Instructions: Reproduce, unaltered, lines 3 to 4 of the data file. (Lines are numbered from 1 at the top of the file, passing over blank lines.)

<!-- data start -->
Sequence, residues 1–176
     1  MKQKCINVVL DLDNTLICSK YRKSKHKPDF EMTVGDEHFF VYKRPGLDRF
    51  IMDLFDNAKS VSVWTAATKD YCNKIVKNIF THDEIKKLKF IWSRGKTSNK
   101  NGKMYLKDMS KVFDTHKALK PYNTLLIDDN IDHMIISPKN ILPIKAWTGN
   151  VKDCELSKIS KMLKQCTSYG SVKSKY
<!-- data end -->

    51  IMDLFDNAKS VSVWTAATKD YCNKIVKNIF THDEIKKLKF IWSRGKTSNK
   101  NGKMYLKDMS KVFDTHKALK PYNTLLIDDN IDHMIISPKN ILPIKAWTGN